Follow These Flight Attendants’ Tips for Your Destination Wedding
Flying isn’t always fun or easy. (Actually, who are we kidding? It rarely is.)
But traveling is inevitable, especially if you have a dream destination wedding in mind. That’s why we asked the pros—aka real flight attendants from Hawaiian Airlines—for every tip and trick they have up their sleeves. And you know what? It actually made us want to pack our bags and grab our passports STAT. Read up below.
1. Make sure your skin is ready for a long flight.
It’s no secret flying can take a toll on your skin, no matter what your complexion is. If your skin’s on the dryer side, the AC mechanism blowing on your face the entire flight probably won’t help, unfortunately, so bring a moisturizer or mask along to keep hydrated.
Got oily skin like flight attendant Heather Sanchez? She recommends bringing blotting papers or tissues to combat shininess and remove excess oil.
To get your skin fully back to normal after a flight, Sanchez suggests rotating some special products into your skincare regimen, like Mediheal, a two-step bio-cellulose and glutathione treatment. “It’s perfect for after a long flight to get my skin back to feeling fresh and hydrated again,” she adds.
2. Pack your toiletries tactfully.
We can all likely agree that there’s nothing worse than opening up your bag at the end of a long flight, only to realize a bottle of shampoo exploded all over your belongings.
That’s why Sanchez recommends a well-fortified makeup bag for any kind of liquid (like lotion, foundation or mouthwash) and to keep them in a well-sealed container. It’s also a good idea to pack them inside your carry-on bag or purse—not only so they’re accessible during the flight, but to reduce the risk of anything breaking as well.
If you travel often or you’re planning on going on a manymoon, flight attendant Mapuana Faulkner suggests keeping a small zip pouch of all your favorite travel essentials at the ready (like lip balm, lotion, sunscreen and so on) to grab, go and restock regularly.
3. Beat jet lag before it beats you.
“The best way to overcome jet lag when you land is to hydrate, work out and eat wholesome foods packed with nutrition and antioxidants,” Sanchez says. “I’ve been using this formula for over 17 years and it’s a surefire remedy to get my body acclimated to a new time zone.”
Of course, it’s always a good idea to drink water, exercise and eat well—and if you want some extra help combatting jet lag, you have plenty of options.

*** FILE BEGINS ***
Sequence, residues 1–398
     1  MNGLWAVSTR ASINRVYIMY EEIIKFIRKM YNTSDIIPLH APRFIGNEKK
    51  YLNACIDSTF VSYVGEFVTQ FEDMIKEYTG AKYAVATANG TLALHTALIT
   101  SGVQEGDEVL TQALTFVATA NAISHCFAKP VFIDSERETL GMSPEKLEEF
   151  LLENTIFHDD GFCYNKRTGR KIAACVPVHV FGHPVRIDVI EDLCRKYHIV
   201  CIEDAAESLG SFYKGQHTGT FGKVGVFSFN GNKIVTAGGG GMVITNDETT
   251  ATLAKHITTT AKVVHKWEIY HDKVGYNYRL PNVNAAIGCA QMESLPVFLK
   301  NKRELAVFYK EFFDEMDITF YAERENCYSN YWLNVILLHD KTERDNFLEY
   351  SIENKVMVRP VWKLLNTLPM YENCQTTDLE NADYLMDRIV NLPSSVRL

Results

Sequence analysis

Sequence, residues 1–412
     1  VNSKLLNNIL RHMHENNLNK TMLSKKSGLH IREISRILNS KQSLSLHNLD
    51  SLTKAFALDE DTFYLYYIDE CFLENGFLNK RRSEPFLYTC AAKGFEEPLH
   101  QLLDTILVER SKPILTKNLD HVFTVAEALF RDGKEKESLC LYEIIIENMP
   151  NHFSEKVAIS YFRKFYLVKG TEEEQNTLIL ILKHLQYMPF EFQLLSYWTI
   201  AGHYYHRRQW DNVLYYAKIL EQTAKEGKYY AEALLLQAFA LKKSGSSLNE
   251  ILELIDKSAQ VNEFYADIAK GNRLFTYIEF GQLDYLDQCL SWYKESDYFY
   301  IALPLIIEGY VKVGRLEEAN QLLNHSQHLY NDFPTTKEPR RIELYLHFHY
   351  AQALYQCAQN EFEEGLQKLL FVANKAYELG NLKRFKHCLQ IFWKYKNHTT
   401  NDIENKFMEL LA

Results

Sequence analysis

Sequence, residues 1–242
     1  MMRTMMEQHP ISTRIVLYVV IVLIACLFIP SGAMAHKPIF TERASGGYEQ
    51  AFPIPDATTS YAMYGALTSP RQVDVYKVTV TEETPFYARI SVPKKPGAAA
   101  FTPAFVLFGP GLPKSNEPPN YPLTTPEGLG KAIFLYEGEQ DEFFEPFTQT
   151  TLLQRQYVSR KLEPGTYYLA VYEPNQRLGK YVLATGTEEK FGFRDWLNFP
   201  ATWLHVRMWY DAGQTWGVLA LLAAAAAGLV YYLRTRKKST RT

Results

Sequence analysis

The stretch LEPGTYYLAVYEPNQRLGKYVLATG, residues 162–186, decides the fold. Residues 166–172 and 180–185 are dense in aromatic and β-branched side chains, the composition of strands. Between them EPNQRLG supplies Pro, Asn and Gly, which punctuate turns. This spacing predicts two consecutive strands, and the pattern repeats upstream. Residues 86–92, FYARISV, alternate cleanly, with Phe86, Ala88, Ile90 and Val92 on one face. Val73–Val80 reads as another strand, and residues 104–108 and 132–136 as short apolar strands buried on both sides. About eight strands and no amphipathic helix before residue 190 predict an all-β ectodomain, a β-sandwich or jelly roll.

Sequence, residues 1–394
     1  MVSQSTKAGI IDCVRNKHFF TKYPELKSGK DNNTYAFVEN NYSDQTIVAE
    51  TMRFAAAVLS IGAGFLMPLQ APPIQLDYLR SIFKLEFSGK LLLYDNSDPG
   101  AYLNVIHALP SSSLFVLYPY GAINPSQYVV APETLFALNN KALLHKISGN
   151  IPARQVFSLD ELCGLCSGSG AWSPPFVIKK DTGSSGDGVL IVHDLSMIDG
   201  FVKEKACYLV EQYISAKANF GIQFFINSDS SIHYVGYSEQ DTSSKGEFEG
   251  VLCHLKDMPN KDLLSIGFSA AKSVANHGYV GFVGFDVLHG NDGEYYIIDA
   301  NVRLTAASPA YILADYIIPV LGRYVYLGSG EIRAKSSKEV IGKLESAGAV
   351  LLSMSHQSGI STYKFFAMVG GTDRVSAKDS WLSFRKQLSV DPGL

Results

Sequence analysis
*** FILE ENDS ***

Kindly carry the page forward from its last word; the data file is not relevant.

“I rely on essential oils to refresh my senses after a long flight, and also lavender oil to ensure a good night’s rest,” Sanchez says.”
When booking your flights before your destination wedding or honeymoon, consider padding in some extra days at the beginning of your trip so you can rest, recharge and get your body on track before your wedding festivities begin.
4. Squeeze in some seat exercises if you get bored (yes, really).
Yes, you’re limited on space, and no, not every airline has an in-flight exercise program.
But what you can do—no matter what airline you’re taking—is some pre-flight, in-flight and post-flight stretches to combat discomfort. Before your flight, take advantage of the space you have in the boarding area or at your gate to do heel raises or standing twists. March in place if you want.
During the flight, try to move every 20 minutes if you can. When seated, you can always clench and release your waist and glutes. When you get up to go to the bathroom, enjoy walking around and doing standing twists.
“We’re limited on space, but if I can find an area that isn’t too cumbersome, I’ll do neck and shoulder stretches,” Sanchez says. “I also have a tiny massage hand roller made specifically to work out small nuances in the neck muscles—it can do wonders for a 10-hour flight.”
After your flight, remember to return your body to a fully functioning mode. Walk with long strides and swing your arms and legs like a pendulum.
5. A red-eye flight can actually be enjoyable if you do it right.
According to flight attendant Kaipo Kauko, red-eye flights don’t have to be as terrible as we make them out to be. If you pick the right seat during the booking process, you can actually end up being—dare we say it?—comfortable.
“The best place to sleep is a window seat,” she says. “I like using the window as something to lean on, and if you wake up to noise easily, stay as far away from the galley as possible since it gets noisy when flight attendants are working.”
Of course, she suggests taking an aisle seat if you have a small bladder and know you’ll have to run to the bathroom a lot during the flight (so you don’t have to climb over your fellow passengers).
Book an emergency row if you enjoy having leg room (since they’re required to have more distance between the seats to allow for easy access during an evacuation), but don’t sit there if you’re always cold. “The exits allow cold air from the outside to seep into the aircraft,” she says.
Finally, if you get motion sickness while flying, it’s always best to stay at the front of the aircraft for the smoothest ride. “The farther forward, the better,” she says. Turbulence is turbulence, but most planes tend to feel the bumpiest to passengers in the back of the aircraft.